London Trading Standards are reminding smokers and tobacco retailers about changes to the law that come into full effect on 20th May 2017.
The changes cover a range of issues with the intention of cutting smoking prevalence rates and deterring take-up by young people.
- Plain packs – all cigarettes and hand rolling tobacco must be sold in standardised plain packaging with bigger health warnings. The new packaging is described as being ‘muddy green’ – apparently research has shown it to be the world’s ugliest colour
- Pack sizes – 10 packs are banned, the minimum pack size of cigarettes will be 20. With changes to excise duty rates this means a minimum price of £8.82. The smallest hand rolling tobacco pack will be 30 grammes
- Flavours – cigarettes and tobacco with flavourings are banned, apart from menthol which is permitted until 2020
The new rules come on top of existing tobacco control legislation, which Trading Standards officers across London already enforce, such as bans on advertising, sales of single cigarettes, sales to children under 18 and the display of tobacco products in shops.
Retailers have had one year to sell through old stock with that period ending on 19th May. Any retailers convicted of breaking the law could be fined, or face up to a three month custodial sentence, or both. However prosecution is always the last resort for Trading Standards who will be working with businesses across London to ensure the new rules are complied with.
Vapers, e-cigarette users and retailers will also be affected by changes brought about by the European Tobacco Products Directive.
From 20th May 2017, vaping or e-shisha devices, and all refills liquids which contain nicotine will have to comply with new safety and labelling rules.
- Producers and importers of e-devices and liquids must register them with a government agency before they are placed on the market and ensure they are supplied with safety instruction, warnings and contact details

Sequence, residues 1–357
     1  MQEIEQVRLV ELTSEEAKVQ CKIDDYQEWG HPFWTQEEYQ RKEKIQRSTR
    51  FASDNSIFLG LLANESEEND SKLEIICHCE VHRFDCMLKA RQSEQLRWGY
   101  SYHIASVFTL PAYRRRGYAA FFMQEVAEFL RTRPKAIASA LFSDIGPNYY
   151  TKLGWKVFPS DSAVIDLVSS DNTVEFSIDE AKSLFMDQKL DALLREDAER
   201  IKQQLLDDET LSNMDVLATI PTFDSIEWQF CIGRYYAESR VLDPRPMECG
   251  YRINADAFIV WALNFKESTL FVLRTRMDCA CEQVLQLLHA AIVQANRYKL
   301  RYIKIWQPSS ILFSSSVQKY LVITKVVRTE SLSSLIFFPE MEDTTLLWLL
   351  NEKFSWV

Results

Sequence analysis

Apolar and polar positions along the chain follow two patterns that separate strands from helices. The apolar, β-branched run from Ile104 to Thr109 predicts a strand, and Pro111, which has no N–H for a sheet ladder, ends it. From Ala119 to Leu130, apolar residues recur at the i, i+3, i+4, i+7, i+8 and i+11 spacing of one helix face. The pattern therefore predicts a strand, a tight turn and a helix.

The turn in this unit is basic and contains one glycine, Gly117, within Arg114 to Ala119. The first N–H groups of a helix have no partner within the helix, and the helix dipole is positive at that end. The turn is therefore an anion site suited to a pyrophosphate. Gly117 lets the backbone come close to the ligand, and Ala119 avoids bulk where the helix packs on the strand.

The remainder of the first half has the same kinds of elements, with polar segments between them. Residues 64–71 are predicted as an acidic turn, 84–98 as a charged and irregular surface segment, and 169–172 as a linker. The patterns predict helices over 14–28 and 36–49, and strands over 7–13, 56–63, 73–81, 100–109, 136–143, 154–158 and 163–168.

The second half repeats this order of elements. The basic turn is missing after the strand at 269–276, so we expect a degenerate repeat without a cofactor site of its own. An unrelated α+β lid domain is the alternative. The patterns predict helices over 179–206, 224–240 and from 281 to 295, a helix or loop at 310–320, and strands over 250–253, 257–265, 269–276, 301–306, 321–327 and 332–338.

- Liquids that contain nicotine must be in either a dedicated container with a maximum 10ml volume or, for disposable single use e-cigarette cartridges, in a tank that has a maximum 2ml volume.
- The liquid containers in devices and refills must be child-resistant, tamper-evident and be protected against breakage and leaking
- The concentration of nicotine is restricted to 20mg/ml, unless the product is a registered medical device, and additives including colouring, caffeine and taurine are banned
- Each pack and container must be labelled with ‘This product contains nicotine which is a highly addictive substance’ in a prescribed format and size
- Sales of nicotine inhaling devices, and liquids containing nicotine, have been subject to a minimum purchase age restriction of 18 years since October 2015.
Steve Playle, spokesperson for London Trading Standards said:
“The new rules on packaging and pack sizes for tobacco products are likely to make vaping and e-devices more popular as smokers seek out alternatives. Improved regulation in the market is welcome as Trading Standards have raised issues about the safety of e-shisha and e-cigarettes products for some time.”
“However, e-liquids that do not contain nicotine remain unregulated and not subject to age restrictions. Concerns over their ingredients and whether they act as gateway to nicotine and tobacco products remain.”
“Disappointingly, local councils received no extra government funding for their trading standards services to police the new rules yet they will affect thousands of retail premises across London. There is also the issue of online sales and the difficultly of applying age restrictions to them.”
“Trading Standards also carry out work to combat the sale of illicit tobacco products in London, which are often counterfeit and do not meet safety standards in relation to self extinguishing. An obvious concern is that criminals will simply ignore the new packaging legislation and continue to make tobacco products available at pocket money prices.”
“London Trading Standards are experienced in enforcing product safety regulations and tobacco control laws, even deploying tobacco sniffer dogs to detect hidden illicit stocks. We will endeavour to carry out more test purchases, inspections and advisory initiatives to protect the health and well-being of Londoners in spite of continued pressure on our resources.”
- Anyone with information about illegal sales can report it anonymously using the LTS reporting tool.
- Anyone wishing to try and quit smoking altogether should contact the free NHS Smokeline on 0800 84 84 84 for advice and support
- GOV.UK – advice on e-cigarettes regulations for consumer products
- Business Companion – business advice from trading standards
- London Trading Standards – E-cigarettes, vaping and e-shisha
- The Tobacco and Related Products Regulations 2016 – the relevant legislation
- Smokefree website – for details of free local stop smoking services